A Communicatively Constituted Online Crisis: A Theoretical Proposition for Studying Crisis Development in Social Media Communicative Interactions

Research output: Contribution to book/anthology/report/proceedingBook chapterResearchpeer-review

  • Chiara Valentini
  • ,
  • Stefania Romenti, IULM University, Italy
  • Dean Kruckeberg, University of North Carolina at Charlotte, United States
This chapter presents a theoretical proposition that could serve as foundation to explain how people become aware, develop an understanding, and create meanings about specific critical situations through social media conversations and how, eventually, these transform critical situations into specific public crisis perceptions.
Drawing from a communicative constitution perspective, the authors argue that if crises are perceptions or experiences of difficult situations that exceed a person’s current resources and coping mechanisms, and if perceptions and experiences in social media are typically mediated, then online crises and their meanings are communicatively constructed. The chapter outlines how online conversations constitute discursive practices that make publics aware of critical situations of which they may or may not know and can even construct reputational crises. The chapter concludes by offering suggestions on how to study online critical conversations through the lens of a communicative constitution perspective that could inform how critical issues eventually transform and become crises and how crisis perceptions evolve and are discursively shaped by communicative practices occurring in social media.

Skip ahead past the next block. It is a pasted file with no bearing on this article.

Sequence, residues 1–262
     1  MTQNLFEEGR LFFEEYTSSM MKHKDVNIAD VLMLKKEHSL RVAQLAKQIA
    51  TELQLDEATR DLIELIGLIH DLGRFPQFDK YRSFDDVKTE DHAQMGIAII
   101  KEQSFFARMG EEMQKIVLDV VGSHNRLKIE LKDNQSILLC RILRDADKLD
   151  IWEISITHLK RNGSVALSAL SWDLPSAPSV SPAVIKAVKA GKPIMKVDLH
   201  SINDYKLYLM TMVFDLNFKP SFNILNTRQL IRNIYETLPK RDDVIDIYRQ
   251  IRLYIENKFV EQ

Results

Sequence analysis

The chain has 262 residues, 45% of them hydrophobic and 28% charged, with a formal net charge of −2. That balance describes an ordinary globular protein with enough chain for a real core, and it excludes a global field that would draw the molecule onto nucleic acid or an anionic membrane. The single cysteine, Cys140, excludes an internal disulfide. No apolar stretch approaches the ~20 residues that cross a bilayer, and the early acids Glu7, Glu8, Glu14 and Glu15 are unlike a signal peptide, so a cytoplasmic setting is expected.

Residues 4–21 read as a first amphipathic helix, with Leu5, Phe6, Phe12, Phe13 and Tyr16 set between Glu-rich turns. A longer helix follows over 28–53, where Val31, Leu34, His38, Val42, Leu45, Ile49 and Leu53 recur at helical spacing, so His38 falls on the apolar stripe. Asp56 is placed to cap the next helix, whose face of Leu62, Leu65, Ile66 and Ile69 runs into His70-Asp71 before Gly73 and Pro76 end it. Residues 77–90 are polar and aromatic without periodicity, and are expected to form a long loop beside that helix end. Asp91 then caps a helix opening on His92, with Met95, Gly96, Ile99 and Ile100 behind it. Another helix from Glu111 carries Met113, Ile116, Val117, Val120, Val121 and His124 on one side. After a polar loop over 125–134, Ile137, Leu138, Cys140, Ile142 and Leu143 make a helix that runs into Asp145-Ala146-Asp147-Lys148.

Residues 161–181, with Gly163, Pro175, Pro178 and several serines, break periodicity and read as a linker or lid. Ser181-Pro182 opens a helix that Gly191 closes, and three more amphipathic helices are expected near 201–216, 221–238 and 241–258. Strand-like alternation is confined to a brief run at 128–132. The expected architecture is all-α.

Original languageEnglish
Title of host publicationNew Media and Public Relations
EditorsSandra Duhé
Place of publicationNew York
PublisherPeter Lang
Publication yearJul 2017
Edition3
Pages271-280
Chapter26
ISBN (print)978-1-4331-3273-5
Publication statusPublished - Jul 2017

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